Everyone seems to have a different opinion about how many consecutive nights we can wear the same pajamas. The experts have weighed in, and chances are, you’re not changing your pajamas as often as you should.
Where Did Pajamas Come From Anyway?
The word “pajama” comes from the Hindi word “pae jama,” or “pai jama,” which translates to “leg clothing.” That’s because they were originally just long, loose pants tied at the waist with a drawstring or chord. Pajamas were used in countries like India, Iran, Pakistan, and Bangladesh.
For Europeans, wearing pajamas became a symbol of status and worldly knowledge.
It wasn’t until 1870 that pajamas were brought to the Western world by British colonials, who kept the practice of wearing pajamas after they had traveled to these exotic places. Wearing pajamas for Europeans became a symbol of status and worldly knowledge. By the 19th century, shirts were introduced to pajama wear as well.
Pajama Styles for Women
At first, women’s pajamas were made of brightly colored silk or rayon and trimmed with lace and ribbon in a “Turkish Trouser” style, which had a voluminous leg gathering at the ankle. In the 1920s, women’s pajama bottoms began to become straighter with a dropped waistline, and by the 1940s, “shortie” pajamas were created, which later turned into the “baby-doll” — a sleeveless smock-style top with frill at the hem and balloon panties with frill at the leg openings.
The 1970s brought menswear-styled pajamas for women, often in silk. And now, pretty much anything goes when it comes to women’s pajamas. Whether you prefer sleeping in flannel bottoms and a T-shirt, silky lingerie, or just your underwear, the pajama industry has you covered — literally.
How Long Is Too Long?
So how many wears can we get out of our precious pajamas before having to wash them? According to the Cleaning Institute, pajamas should only be worn three or four times in a row before tossing them into the hamper. Basically, the more often our clothes are pressed up against our bodies, the quicker they will become dirty from our body’s oils, dirt, bacteria, and sweat.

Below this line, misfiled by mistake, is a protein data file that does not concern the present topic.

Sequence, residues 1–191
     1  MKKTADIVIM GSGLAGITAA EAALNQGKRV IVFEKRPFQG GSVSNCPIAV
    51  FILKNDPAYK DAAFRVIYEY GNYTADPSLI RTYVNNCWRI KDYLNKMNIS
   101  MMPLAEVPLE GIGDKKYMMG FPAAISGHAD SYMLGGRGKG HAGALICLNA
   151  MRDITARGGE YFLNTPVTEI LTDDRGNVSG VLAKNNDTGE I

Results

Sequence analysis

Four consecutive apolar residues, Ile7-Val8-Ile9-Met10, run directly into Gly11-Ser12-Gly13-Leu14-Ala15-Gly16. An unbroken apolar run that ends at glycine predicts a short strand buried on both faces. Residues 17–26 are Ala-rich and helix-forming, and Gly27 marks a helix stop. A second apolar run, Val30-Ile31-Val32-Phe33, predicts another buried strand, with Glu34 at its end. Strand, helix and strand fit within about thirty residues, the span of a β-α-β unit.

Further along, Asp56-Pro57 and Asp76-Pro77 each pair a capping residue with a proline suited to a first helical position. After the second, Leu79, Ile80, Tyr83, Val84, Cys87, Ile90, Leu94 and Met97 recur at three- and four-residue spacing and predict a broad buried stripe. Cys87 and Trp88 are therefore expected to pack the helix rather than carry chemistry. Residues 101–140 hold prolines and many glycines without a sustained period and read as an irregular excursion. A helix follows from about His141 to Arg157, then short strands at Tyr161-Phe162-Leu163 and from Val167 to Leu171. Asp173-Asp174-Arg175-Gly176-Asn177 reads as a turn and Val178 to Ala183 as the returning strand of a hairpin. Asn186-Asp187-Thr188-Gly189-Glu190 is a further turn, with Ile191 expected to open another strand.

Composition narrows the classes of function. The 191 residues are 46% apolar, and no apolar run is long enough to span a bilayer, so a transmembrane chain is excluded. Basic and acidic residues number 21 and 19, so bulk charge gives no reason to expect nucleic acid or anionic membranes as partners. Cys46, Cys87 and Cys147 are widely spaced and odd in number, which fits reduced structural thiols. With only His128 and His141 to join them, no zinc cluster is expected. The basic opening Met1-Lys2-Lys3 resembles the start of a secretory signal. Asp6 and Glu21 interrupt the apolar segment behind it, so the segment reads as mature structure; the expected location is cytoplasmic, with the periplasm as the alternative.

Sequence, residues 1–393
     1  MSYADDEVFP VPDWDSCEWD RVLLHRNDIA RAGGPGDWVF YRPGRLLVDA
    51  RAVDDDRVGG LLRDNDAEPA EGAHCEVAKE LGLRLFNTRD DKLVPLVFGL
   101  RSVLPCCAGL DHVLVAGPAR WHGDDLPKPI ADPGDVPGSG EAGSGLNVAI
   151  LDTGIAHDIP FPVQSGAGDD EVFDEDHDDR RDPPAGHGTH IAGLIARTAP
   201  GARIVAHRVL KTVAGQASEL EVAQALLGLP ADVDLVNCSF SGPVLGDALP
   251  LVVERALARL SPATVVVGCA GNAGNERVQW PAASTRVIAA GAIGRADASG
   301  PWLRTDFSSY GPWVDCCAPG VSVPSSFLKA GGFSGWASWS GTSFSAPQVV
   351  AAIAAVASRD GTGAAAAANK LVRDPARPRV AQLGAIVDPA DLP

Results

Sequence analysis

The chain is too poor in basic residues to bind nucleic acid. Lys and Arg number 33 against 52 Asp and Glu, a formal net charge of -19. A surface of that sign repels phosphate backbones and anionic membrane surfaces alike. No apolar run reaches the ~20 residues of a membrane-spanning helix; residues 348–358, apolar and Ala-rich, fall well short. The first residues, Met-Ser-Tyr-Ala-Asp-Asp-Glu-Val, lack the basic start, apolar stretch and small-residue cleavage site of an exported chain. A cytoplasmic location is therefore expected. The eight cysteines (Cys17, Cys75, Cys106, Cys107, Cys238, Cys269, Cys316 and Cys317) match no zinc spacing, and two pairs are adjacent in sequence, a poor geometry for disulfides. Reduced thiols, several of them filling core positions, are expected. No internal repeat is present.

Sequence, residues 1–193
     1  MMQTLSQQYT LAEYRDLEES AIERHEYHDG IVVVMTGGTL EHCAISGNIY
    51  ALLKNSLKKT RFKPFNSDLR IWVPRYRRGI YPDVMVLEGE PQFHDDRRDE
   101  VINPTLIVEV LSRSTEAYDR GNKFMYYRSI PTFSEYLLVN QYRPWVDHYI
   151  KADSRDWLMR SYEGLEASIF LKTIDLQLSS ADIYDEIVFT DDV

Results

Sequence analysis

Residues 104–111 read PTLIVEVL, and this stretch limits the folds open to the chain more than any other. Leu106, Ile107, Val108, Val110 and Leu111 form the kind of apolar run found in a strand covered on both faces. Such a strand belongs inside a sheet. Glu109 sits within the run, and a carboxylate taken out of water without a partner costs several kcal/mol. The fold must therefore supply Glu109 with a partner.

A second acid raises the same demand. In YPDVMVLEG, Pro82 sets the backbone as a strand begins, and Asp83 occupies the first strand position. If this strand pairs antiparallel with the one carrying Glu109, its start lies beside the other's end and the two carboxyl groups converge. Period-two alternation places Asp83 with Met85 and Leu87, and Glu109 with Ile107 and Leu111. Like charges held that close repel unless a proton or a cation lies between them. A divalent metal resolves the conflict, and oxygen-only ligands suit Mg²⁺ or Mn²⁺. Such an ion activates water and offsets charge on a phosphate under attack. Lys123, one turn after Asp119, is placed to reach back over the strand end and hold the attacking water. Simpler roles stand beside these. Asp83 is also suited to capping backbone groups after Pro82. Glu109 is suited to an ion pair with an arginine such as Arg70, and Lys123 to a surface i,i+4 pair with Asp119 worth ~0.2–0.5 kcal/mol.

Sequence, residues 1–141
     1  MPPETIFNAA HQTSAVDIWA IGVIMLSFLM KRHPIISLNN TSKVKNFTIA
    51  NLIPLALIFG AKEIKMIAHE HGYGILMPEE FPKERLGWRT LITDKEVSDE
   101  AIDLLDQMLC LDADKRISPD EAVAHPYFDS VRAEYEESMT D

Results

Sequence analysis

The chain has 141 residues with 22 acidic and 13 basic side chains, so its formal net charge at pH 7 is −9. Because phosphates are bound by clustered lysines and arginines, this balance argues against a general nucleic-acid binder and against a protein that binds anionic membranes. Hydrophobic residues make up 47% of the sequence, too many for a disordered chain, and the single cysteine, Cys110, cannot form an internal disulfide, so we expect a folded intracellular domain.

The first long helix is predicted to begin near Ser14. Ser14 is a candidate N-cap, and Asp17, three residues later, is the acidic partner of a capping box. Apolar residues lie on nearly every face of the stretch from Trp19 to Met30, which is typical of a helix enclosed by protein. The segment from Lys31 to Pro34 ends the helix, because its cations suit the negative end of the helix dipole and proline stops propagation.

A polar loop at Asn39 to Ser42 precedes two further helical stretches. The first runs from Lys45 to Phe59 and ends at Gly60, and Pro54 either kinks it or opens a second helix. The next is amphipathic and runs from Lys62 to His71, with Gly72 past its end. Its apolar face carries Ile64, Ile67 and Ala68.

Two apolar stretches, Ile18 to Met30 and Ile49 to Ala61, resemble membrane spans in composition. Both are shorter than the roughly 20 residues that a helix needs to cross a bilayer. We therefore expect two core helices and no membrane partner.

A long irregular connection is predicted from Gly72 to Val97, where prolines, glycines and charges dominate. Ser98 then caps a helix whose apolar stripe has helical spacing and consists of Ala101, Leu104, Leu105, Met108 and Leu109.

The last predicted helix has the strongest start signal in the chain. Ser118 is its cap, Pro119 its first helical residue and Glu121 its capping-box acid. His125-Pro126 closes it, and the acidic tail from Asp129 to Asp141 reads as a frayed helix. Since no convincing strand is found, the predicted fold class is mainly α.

Pajamas should only be worn three or four times in a row before tossing them into the hamper.
How To Extend Pajama Wear Time between Washings
There are some lifestyle and hygiene factors to consider when deciding how long you can wear your pajamas. For example, you can wear your pajamas for more than three to four nights if you take a shower or bath right before bed. However, if it’s a hot summer night or you naturally sweat a lot while sleeping, you’ll want to grab a new set of pajamas every night. To get more nights out of your pajamas, you can try controlling your body’s temperature by cranking up the AC or using fans to keep your room cool.
Your bedsheets can also play a factor. To help keep you cool at night, try using bedsheets that are made out of breathable, natural fibers, such as cotton or linen. Pulmonologist Dr. Margarita Oks says, “In general, you want a fabric that’s not too tightly woven…the more breathable the fabric, the better.” Since the ideal temperature for a good night’s sleep is around 65 degrees, cooler bedsheets can definitely help contribute to your quality of sleep as well.
Pajamas in a Pandemic
During the COVID-19 pandemic, the majority of us have been housebound. Instead of getting dolled up at home, many of us have been doing the bare minimum — no makeup, messy bun, and even staying in our pajamas all day. If you’re staying home, not in contact with anyone from outside your household, then it’s pretty safe to say that your clothes are Coronavirus-free. However, as comfortable and cozy as we feel in our pajamas, wearing them during the day can be doing more harm than good.
Wearing our pajamas during the day subconsciously makes us feel more tired and sluggish.
Wearing pajamas during the day can affect our productivity level. When we wear our pajamas at night, it signals our brain that the day is over and it’s time to relax and recharge, so when we wear our pajamas during the day, it subconsciously makes us feel more tired and sluggish, thus decreasing our energy and productivity levels. However, it’s definitely important to be happy and comfortable at home, so by all means, dress accordingly. You can wear yoga pants with large Billie Eilish-style shirts for example, just as long as they aren’t pajamas.
If you’re surprised by how frequently you should be changing your pajamas, know you’re not alone. In a survey done by Ergoflex, women ages 18 - 30 said that they wear the same pajamas for an average of 17 consecutive nights. The women claimed that since their pajamas didn’t smell bad, they thought they were just fine. Yikes! But now we know that our pajamas should be worn no more than three to four times and ways we can actually prolong wearing them. I don’t know about you, but I will definitely be sleeping more soundly knowing that my pajamas are as fresh and clean as can be.